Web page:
Lecture 14: Behavioural Genetics Flashcards Preview

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Flashcards in Lecture 14: Behavioural Genetics Deck (10):

***How can heritability estimates be calculated from twin studies?

1. Monozygotic twins raised together
2. Dizygotic twins raised together
3. monozygotic twins raised apart
4. adopted siblings

Ratio of Phenotype variance/Genetic variance


***What is a quantitative genetic analysis of

1.characterize quantitatively a behavioural phenotype in a given population/strain derived from nature or by artificial selection
2. Examining the changes in phenotype in sets of progeny from test crosses between different populations
3. infer statistically the number of genes responsible and their interactions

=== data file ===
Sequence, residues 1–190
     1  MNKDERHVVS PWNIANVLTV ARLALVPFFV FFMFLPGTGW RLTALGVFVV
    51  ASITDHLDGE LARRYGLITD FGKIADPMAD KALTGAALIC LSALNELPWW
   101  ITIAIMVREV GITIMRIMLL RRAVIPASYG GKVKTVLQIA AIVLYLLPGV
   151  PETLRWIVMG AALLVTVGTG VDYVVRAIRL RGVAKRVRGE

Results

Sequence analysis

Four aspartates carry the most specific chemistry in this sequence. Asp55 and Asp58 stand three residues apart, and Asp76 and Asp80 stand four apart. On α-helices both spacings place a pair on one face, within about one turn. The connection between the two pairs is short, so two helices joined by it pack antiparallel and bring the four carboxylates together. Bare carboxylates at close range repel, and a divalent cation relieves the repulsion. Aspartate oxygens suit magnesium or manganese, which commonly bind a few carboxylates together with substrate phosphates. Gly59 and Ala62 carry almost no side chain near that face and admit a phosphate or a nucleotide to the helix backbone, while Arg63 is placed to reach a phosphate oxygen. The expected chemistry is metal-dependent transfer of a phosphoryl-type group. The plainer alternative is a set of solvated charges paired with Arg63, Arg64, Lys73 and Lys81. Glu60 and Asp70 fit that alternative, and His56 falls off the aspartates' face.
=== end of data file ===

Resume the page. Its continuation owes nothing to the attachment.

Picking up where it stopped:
***What are single gene studies of behaviour?

Testing hypothesised genes from quantitative analysis.

=> Studying the contribution of likely candidates for a phenotype based on what is known about their neurobiological bases
– Alcohol dehydrogenase for alcoholism


***What are the problems in explaining behaviour with genetics?

1. lack of evidence for any complex psychological trait that is determined by a single gene
2. meaning of genetic marker
vagueness in incorporating a mechanistic role for the gene in the phenotype
4. a definitional problem with behaviour


The measurable expression of a trait is the



what is the Phenotypic variance formula?

(Vp) = Vg + Ve + Vge

Vg = Genetic variance
Ve = Environmental variance
Vge = Gene-Environment interac4ons


_____________ is the component of the variance
of the phenotype that can be explained by
heritable factors



what is the formula of heritability quotient of a trait?

h2 = V(g) / V(p)


problems with quantitative analysis

1. Results do not identify individual genes
2. Necessity for large pedigrees & crossmating
makes human studies unlikely


problems with single gene analysis

1. Ignores the important contribution of
background genotype to phenotype
2. Redundancy and pleiotropy in mechanisms
3. Ignores roles for adapta4on and
developmental effects